Watch for bears in Ashland hunting for midnight snacks
Black bears have been rummaging through Ashland garbage cans this week, looking for their share of holiday treats.
The Ashland Police Department received two separate calls about bears, one Monday and another Tuesday, Lt. Corey Falls said.
Kent Noonan, who lives above Siskiyou Boulevard on Waterline Road, said he awoke around midnight Tuesday to the sounds of a garbage bag being ripped open.
"I didn't see them but I heard a noise late last night and in the morning my garbage can was busted and I saw the tracks in the snow," he said.
After grabbing the bag of garbage, the bears headed east, toward Siskiyou Boulevard, leaving a trail of trash and two sets of footprints — one large, the other small, Noonan said.
"I'm glad I wasn't there to see them in real life, because those were big enough tracks that I would have been a bit worried," he said.
"They visit here once in awhile, but it's unusual here in the middle of winter," he said. "I figured they would be hibernating by now."
It's not uncommon for bears to be seen around Ashland, even in the snowy months, said Mark Vargas, wildlife biologist for the Oregon Department of Fish and Wildlife.
"This time of year especially, with the snow and the scarcity of food, some of the bears that haven't gone to sleep, they're going to be searching for some food in compost piles and garbage cans, which will bring them closer in to the fringes of town," Vargas said.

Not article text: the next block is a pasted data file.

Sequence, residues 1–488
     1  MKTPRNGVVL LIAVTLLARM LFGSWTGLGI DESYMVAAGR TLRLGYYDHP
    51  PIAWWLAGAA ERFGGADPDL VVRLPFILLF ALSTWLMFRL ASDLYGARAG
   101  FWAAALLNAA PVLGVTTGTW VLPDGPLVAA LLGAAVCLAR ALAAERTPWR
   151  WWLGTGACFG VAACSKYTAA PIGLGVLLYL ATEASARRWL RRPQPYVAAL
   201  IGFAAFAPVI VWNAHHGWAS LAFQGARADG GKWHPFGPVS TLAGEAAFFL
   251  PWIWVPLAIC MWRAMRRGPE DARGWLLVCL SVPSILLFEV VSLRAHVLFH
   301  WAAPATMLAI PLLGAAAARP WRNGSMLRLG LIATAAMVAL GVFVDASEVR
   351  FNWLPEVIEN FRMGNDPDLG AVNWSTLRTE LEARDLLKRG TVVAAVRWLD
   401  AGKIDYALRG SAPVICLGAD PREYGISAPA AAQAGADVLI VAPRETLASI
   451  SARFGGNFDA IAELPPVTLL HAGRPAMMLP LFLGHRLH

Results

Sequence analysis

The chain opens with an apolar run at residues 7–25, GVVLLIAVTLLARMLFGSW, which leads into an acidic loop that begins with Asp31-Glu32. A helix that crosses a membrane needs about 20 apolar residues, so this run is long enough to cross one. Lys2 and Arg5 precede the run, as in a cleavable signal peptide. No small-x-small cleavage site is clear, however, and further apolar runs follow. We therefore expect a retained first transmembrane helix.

Some local bears don't hibernate at all during the winter because Ashland doesn't get as cold as some northern areas and human garbage provides winter food, he said.
"This often happens when there's an interface where there's a good habitat for bears and there's people nearby, and Ashland is a primary candidate, specifically in the foothills."
Since bears could be prowling in Ashland yards all winter, locals need to take precautions — for their sake and the bears', Vargas said.
"What we usually like to tell people is: 'a fed bear is a dead bear.' If people feed it on purpose, it's usually going to end up being killed because it becomes a problem," he said.
Vargas said ODFW recommends people put out trash cans only on the night before garbage pick-up, cover their compost piles, keep barbecue pits clean and bring in pet food and bird feeders at night.
"Nuisance bears, like most wildlife problems, are caused by people's behavior," Vargas said.
In other words — even though it's the season of sharing — it's definitely better to hold off feeding the bears holiday dinner leftovers.
Hannah Guzik is a reporter for the Ashland Daily Tidings. Reach her at 482-3456 ext. 226 or email@example.com.